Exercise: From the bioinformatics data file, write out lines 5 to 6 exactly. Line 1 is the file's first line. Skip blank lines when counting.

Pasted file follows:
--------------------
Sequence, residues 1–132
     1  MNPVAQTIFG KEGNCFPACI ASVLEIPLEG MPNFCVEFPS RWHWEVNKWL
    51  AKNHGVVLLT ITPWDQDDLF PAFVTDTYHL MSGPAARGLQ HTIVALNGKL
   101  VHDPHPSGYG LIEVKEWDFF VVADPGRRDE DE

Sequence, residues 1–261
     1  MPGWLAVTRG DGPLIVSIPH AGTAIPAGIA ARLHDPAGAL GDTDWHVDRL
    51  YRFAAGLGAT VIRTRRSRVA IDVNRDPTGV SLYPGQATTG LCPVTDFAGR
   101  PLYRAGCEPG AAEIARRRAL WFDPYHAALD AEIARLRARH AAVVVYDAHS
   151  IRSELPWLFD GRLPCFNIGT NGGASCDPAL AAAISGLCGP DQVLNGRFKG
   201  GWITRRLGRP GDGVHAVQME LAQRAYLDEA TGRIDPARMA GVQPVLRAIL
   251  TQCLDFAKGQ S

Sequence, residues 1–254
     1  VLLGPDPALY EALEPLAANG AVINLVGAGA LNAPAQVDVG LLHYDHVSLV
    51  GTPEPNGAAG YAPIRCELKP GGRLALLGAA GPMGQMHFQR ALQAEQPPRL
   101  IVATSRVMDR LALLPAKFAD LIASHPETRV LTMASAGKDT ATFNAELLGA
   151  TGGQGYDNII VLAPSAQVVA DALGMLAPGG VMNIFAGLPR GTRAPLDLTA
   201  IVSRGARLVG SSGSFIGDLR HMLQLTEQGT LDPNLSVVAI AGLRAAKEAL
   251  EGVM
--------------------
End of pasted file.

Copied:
Sequence, residues 1–261
     1  MPGWLAVTRG DGPLIVSIPH AGTAIPAGIA ARLHDPAGAL GDTDWHVDRL